Polish Land Forces K2GF
The South Korean K2 Black Panther MBT (Main Battle Tank), produced by Hyundai Rotem, was designed to meet the Republic of Korea’s Army requirement for a three-dimensional, high speed maneuver, based on network-centric warfare. The first tanks were available in 2014. While this at first looks like a shrunken down M1 Abrams, it is a new tank design unto itself. This state-of-the-art tank features an autoloader with a sophisticated 120mm main gun system (to include smart top-attack munitions), Automatic Target Detection and Tracking System (ATDTS), network-centric warfare capabilities and operability, and both active and passive protection systems.
What makes the tank unique is South Korea’s ability to rapidly produce the K2 for domestic and export use. Turkey was the first nation to order the K2, beating out the French LeClerc and German Leopard 2. Poland reached an agreement with Hyundai Rotem for license production of the K2 Panther in January 2020. 180 K2 Panthers were delivered to Poland in 2022 and the remaining 820 K2PL Panthers will be built under license in Poland. The K2 Panthers in Polish service will allow Poland’s older arsenals of T-72 and Leopard 2 tanks to be delivered to Ukraine. Compare the acquisition speed of the South Korean K2 Panthers to Germany’s Leopards and the US’ M1 Abrams, and you can see why South Korea has a definite advantage, as it does with its export markets for its K9 (155mm) self-propelled artillery system.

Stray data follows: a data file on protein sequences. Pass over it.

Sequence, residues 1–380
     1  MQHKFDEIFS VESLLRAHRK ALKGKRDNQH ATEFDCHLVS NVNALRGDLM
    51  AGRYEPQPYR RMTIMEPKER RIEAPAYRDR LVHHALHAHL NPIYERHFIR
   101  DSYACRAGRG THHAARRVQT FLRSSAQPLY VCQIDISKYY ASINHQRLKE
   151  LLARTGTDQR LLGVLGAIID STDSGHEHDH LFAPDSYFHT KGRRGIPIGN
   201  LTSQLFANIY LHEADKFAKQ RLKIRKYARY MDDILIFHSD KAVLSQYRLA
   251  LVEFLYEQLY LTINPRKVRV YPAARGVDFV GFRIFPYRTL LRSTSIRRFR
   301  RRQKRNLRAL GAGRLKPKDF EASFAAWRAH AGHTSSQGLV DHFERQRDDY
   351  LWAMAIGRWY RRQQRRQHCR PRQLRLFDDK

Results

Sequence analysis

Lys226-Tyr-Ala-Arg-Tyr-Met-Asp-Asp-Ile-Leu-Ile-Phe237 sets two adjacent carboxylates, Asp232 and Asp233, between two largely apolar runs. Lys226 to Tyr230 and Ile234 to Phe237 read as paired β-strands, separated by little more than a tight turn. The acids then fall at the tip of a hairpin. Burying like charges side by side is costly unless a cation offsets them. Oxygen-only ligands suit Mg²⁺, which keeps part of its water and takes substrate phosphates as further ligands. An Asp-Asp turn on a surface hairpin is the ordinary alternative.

I am an unabashed fan of Academy armor model kits, participated in live fire exercises with the K2 in South Korea and enjoy building Polish armor, so when a kit comes along that puts a K2 in NATO three tone camouflage, I’m in! This is a great kit, and it is fun to build.
Upon opening the rigid box top opener cover, there is a sturdy box that does a good job of protecting the kit’s six plastic sprues, upper hull, lower turret, upper turret, two rubber tracks with a unique attachment system (more on that later), rubber poly caps, small PE fret, twine for cables, chassis tub, turret, decals, and “Polaroid” stickers that replicate modern optics.
There are two construction manuals covering 29 steps. Construction starts with the turret and progresses to the hull. There are minor notes that are identified here by their instruction step:
Step 1: Recommend keeping the “Polaroid” stickers off until after painting. The stickers, replicating modern optics very well, have a protective clear plastic that can be removed after painting, but that can be problematic finding it after painting in the tight confines where optics are located. Also, a silver paint undercoat does well before placing the stickers. For any stickers that don’t adhere well, a small drop of Pledge/Future or white glue works well.
Step 4: The tub (Part D10) does not have tabs to ensure the proper orientation inside the ring (Part D11), and the illustration is not clear. After some research, it appears that the flat part of the circle faces to the rear of the turret.